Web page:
Nicholas Daniloff ’53 may be enjoying his current position as director of the Northeastern University School of Journalism, but the
Nicholas Daniloff ’53 may be enjoying his current position as director of the Northeastern University School of Journalism, but the seasoned journalist hasn’t always been nestled in the Ivory Tower: while reporting in Soviet Russia, Daniloff was imprisoned by the KGB. FM sat down to ask the veteran reporter 15 Questions about Final Clubs, Russian bureaucracy and KGB contacts.
Fifteen Minutes (FM): What were your feelings about life at Harvard?
Nicholas Daniloff (ND): It certainly satisfied and stimulated my intellectual curiosity. I lived in Holworthy Hall, Suite 16, which was always a subject of some joke—Sweet 16. And I went out for crew as well; so the intellectual pursuits and the crew were very big in my life.
FM: You’ve said that going to Harvard was very important for your father. Did this affect your view of the school?
ND: My father was a refugee from the Russian Revolution. He came to the United States in 1919 and he actually went to Harvard College and graduated in the class of ’21. He wanted to become an American. He wanted his son to be an American citizen fully, in a way that he couldn’t quite be. I’m sure that he thought it was important that I should make good contacts with the establishment—particularly the moneyed in the establishment—so that I could make my way in an easy and smooth fashion. I did join a final club, the Spee Club, and he thought that was quite important—although I must say that it was of zero importance to my subsequent life.
FM: Did you feel that way back then?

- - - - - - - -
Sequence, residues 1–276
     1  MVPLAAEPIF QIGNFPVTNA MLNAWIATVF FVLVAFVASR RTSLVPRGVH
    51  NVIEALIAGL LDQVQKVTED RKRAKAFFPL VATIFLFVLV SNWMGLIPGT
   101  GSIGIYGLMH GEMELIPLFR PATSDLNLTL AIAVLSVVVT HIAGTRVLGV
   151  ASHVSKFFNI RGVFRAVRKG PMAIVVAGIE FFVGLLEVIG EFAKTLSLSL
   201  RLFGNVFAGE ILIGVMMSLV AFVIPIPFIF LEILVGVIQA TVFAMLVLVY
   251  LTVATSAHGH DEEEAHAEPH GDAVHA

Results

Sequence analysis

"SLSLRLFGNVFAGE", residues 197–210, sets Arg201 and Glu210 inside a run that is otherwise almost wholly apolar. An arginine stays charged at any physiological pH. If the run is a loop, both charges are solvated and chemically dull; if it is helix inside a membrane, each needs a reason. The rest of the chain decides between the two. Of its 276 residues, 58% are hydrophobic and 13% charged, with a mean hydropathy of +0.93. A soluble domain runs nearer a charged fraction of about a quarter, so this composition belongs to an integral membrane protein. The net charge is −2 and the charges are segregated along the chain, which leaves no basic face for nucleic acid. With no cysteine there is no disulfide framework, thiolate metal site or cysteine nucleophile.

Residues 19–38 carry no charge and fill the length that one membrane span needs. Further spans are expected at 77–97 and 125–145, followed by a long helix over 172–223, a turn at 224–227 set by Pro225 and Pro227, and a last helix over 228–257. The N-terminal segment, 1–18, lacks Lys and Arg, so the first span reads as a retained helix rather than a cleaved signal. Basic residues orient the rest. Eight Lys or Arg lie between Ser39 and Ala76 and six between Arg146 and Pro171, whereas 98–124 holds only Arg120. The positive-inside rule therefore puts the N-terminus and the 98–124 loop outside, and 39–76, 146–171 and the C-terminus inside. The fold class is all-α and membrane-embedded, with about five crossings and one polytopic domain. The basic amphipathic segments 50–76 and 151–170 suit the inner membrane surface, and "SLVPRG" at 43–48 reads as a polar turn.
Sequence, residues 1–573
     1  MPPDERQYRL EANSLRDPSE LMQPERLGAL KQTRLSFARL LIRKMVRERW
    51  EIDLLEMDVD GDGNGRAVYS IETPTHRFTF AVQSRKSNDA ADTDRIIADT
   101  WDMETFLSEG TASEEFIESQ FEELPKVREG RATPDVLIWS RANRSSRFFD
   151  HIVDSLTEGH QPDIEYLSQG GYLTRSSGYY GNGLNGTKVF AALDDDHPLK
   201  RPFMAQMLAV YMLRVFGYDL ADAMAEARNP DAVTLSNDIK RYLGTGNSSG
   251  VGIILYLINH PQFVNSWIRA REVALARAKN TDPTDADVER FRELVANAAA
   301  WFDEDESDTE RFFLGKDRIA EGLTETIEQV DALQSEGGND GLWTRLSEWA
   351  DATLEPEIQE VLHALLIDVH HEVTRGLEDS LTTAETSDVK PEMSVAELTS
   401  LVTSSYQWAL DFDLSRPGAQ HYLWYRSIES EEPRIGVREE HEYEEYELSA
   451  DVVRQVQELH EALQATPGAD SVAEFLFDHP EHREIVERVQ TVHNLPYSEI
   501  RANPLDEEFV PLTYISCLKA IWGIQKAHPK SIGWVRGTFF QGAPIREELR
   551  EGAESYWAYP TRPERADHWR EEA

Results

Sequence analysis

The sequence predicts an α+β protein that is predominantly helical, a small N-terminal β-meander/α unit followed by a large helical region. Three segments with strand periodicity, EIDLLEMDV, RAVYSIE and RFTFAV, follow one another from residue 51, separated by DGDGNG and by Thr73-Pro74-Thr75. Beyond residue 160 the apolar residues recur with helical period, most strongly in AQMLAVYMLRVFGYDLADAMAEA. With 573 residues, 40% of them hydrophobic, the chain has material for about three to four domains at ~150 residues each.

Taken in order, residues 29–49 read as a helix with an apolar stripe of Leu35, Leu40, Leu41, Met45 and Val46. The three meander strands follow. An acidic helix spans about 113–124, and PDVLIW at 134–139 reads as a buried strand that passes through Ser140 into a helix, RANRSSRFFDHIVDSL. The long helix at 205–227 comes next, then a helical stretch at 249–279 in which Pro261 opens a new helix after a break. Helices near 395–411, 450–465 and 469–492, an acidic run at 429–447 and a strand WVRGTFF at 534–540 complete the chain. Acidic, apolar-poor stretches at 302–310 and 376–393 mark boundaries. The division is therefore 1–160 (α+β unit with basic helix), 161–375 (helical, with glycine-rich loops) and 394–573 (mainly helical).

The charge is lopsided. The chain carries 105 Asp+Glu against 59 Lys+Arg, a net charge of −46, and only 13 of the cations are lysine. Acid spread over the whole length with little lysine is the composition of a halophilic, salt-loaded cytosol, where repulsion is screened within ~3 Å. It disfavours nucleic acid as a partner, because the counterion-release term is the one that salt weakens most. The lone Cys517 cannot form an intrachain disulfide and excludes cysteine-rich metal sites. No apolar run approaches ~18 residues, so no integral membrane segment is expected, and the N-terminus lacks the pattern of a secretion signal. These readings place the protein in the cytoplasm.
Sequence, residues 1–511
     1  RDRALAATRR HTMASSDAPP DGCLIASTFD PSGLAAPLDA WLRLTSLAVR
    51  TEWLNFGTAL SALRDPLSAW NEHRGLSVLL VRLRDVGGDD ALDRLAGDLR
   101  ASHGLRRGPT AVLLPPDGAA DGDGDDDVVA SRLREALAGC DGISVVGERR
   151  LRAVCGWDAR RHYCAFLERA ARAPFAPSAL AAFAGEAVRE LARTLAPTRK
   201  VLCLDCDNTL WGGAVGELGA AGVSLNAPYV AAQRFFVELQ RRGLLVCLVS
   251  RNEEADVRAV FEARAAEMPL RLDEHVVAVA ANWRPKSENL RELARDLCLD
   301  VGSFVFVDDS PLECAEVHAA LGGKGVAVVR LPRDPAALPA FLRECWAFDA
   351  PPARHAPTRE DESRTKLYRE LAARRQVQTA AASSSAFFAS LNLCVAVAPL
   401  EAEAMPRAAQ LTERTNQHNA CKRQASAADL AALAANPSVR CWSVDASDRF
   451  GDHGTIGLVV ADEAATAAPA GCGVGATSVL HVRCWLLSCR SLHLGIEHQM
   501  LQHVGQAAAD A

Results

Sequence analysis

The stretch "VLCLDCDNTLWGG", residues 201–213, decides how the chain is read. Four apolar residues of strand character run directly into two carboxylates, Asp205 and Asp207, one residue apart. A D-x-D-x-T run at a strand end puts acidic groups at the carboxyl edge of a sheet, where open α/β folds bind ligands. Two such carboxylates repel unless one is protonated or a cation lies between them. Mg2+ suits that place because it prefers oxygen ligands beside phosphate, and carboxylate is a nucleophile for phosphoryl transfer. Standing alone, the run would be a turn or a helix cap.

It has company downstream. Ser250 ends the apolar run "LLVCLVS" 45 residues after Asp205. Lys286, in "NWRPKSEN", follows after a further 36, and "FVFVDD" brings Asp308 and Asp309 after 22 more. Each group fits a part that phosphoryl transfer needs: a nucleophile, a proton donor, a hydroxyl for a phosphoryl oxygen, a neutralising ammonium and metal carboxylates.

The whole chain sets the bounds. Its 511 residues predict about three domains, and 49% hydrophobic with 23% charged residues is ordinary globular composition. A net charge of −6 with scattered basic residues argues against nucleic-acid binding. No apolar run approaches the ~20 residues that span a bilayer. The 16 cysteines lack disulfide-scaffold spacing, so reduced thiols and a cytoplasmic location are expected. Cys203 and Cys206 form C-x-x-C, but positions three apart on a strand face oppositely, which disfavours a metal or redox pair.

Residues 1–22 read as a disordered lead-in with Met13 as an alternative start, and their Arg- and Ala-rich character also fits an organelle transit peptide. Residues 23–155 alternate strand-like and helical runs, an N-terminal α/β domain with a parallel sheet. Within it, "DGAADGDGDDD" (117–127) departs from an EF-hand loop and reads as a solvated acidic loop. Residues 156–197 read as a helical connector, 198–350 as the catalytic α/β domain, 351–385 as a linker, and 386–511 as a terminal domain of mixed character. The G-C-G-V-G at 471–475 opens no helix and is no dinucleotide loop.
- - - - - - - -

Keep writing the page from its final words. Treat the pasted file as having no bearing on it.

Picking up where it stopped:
ND: Well, you got elected in your sophomore year. First of all, the thrill of being accepted was true in the beginning. Over time, I became more and more a closet member and I thought of it less as being of any particular consequence.
FM: What would the consequence be?
ND: Well, you know, mixing with the moneyed folk. I remember one of my club mates was Elbridge Gerry, who is one of the descendants of the Elbridge Gerry who signed the Declaration. I mean, at Harvard in those days there were descendants of those original folks and I knew three of them.
FM: You’ve said that Harvard doesn’t prepare you for anything but further education. Can you tell me more about this?
ND: It seems to me that what Harvard particularly prepares you well for is going on to more professional education. What I thought Harvard did not prepare me particularly well for was getting a job outside of that sort of intellectual stream.
FM: So what led you to journalism after Harvard?
ND: It was essentially desperation. I wanted to be a foreign service officer or a diplomat but I didn’t pass the foreign service exam. Then in ’56 we all had a military obligation because there was a draft, but I got rejected on physical grounds by the Navy. So I went to Washington to see if I could persuade the Navy to give me a waver and I failed. But I was walking down the street and I saw a sign that read “‘The Washington Post’ and ‘Times Herald,’” so I walked in and I said, “Look, I’m a recent Harvard graduate and I’d like to become a foreign correspondent. Would you give me a job?”
FM: You’ve written multiple books. Marvin Kalb called your book “Of Spies and Spokesmen” a “journalistic memoir.” What was the process of writing a memoir like compared to reporting?
ND: Writing a book is very different from writing an article because when you’re writing an article you research it or you interview someone and you put it together. But how much time do you spend doing it? It might be a day, a week, or a month, but then it’s over. Writing a book requires a very long arc, a very long trajectory.